Employee tired of co-worker's negative attitude

Employee tired of co-worker's negative attitude

Employee tired of co-worker's negative attitude

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by Rozanne "Roze" Worrell

WVEC.com

Posted on November 9, 2010 at 3:58 PM

Dear Roze:

I have a co-worker who is over the top negative.  He’s Chicken Little of the 21st century.  He will take something that’s totally benign and make it a doom and gloom situation. With the sluggish economy, our company has had to tighten its belt everywhere possible.  And now that we’re in our last quarter, the owner has asked everyone to make an even stronger effort to watch our spending and to halt all travel until notified.  So this guy is moping around even more, if that’s possible, fearing for his job and the fate of our company.  Some of us have asked him to knock it off and others have razzed him, but he doesn’t listen.  He’s bringing us all down… Help!

Fed up with doom and gloom

Dear Fed up with doom and gloom:

I don’t know your or your colleagues’ attitudes when you spoke to your co-worker, but anything communicated without respect and sincere concern, as well as teasing, would be pointless and fall on deaf ears.  I suggest that you and another co-worker approach this guy again, but this time, be sure to show and express genuine understanding in addition to an interest in what he has to say and how he feels.  After he has expressed himself, explain your point of view about his behavior and respectfully request that he make an effort to not only understand the negative impact his behavior has on everyone around him but to tone it down as well.  Also, come up with a couple of positive things going on in your company or industry that he can, hopefully, direct his attention to. 

Dear Roze:

I was sitting in a major fast food restaurant eating my lunch and minding my own business when one of the employees, obvious by her uniform, walked in for her shift.  The restaurant’s manager was sitting near me, where the customers sit, doing some kind of paperwork, and started yelling at the employee about being late.  The employee proceeded to yell back that it wasn’t her fault, and that the manager needed to take it up with HRT, the city’s bus service.  I felt very uncomfortable with their exchange.  This was a discussion the boss should not have had in front of, or even in earshot, of the customers.  Shoot, I don’t think she should do it front of the other employees either.  If I thought it would have helped, I would have said something to the manager, but I had a strong feeling that she would have had no problem yelling at me too if I had said anything.  Do you think I should have said something?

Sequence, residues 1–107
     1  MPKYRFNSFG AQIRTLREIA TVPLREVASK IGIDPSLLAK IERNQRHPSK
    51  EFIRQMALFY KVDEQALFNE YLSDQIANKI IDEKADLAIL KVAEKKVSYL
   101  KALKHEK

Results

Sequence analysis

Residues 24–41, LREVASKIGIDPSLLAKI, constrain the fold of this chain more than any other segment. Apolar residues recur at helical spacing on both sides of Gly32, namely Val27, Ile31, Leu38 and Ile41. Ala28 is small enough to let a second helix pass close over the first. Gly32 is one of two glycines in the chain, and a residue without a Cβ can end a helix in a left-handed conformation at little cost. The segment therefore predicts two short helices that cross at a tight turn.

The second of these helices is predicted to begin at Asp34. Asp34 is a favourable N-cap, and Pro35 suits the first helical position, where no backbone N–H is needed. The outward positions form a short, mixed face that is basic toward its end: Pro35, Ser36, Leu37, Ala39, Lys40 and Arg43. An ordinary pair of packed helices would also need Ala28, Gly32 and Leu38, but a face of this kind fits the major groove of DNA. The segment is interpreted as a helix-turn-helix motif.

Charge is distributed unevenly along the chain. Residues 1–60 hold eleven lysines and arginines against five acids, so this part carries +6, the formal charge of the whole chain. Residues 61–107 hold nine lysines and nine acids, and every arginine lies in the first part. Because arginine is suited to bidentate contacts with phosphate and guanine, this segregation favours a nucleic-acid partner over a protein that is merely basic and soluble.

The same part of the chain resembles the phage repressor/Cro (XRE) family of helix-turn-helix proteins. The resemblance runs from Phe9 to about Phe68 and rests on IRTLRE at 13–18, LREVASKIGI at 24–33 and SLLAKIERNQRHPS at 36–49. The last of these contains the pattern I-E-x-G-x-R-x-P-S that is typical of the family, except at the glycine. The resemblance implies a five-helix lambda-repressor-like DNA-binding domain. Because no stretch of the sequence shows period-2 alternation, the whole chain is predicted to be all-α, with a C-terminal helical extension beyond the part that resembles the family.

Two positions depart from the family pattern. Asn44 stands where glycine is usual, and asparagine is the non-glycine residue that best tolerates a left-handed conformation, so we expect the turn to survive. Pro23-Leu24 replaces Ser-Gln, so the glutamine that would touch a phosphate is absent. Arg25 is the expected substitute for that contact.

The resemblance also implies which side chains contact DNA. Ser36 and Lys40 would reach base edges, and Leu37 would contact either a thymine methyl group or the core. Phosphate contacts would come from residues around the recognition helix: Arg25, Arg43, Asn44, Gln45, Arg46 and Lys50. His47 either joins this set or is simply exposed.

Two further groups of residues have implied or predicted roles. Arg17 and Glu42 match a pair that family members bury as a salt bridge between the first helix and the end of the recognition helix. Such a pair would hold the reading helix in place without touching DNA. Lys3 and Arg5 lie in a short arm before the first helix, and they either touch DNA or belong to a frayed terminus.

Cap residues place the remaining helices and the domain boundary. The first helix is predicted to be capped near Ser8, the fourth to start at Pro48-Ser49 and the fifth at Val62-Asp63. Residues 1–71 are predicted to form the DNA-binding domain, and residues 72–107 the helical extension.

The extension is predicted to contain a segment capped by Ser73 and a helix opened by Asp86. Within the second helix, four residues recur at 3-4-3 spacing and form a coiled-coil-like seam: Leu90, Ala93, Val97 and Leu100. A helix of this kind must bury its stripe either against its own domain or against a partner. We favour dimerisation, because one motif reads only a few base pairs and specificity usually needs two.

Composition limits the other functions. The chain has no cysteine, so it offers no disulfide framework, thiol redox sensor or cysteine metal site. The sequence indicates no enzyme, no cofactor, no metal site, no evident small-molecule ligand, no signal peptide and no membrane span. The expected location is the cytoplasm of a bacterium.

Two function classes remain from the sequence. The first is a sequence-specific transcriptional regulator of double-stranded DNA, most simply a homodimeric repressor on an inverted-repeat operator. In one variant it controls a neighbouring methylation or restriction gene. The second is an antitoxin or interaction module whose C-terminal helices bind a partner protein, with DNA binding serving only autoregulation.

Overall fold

Got an inappropriate earful

Dear Got an inappropriate earful:

Given the way the manager handled the tardy employee, I believe your instincts were right on target.  You were smart to refrain from trying to talk to her face-to-face concerning your displeasure with her behavior.  There are, however, a couple of other ways you can air your concerns.  I checked out this fast food restaurant’s official Web site, and it has a 1-800 toll-free telephone number for its customers to speak directly to a customer service representative, as well as a customer feedback Web page for its customers to file their compliments, complaints, or requests as a result of their experiences at one of their restaurants.  I suggest that you take advantage of one of these two viable options.

Dear Roze:

Our boss decided that we, his staff of two, have to do time sheets.  He’s requiring us to break down how much time we spend on our duties on a daily basis.  I don’t mind doing it; but my co-worker’s obvious exaggerations are killing me.  Even though our boss just started this process, I’m still surprised that he hasn’t noticed the big difference between our sheets since our duties are so similar.  And even though we were told that these wouldn’t affect our pay or performance ratings, I’m concerned that since my co-worker’s time sheets look better than mine, she will be seen as a better candidate for promotion.  Should I snitch her out?

Taking issue with co-worker’s time sheets

Dear Taking issue with co-worker’s time sheets:

Do not snitch!  Since your boss only has to review two time sheets, I cannot help but think that he is aware or will be aware in the near future of the difference between yours and your co-worker’s.  This requirement is new, so give him some time to handle the matter in the way he sees fit.  One way or another, I am confident that your co-worker will eventually have to defend her records.  Hang in there!

© 2010 Rozanne R. Worrell

 

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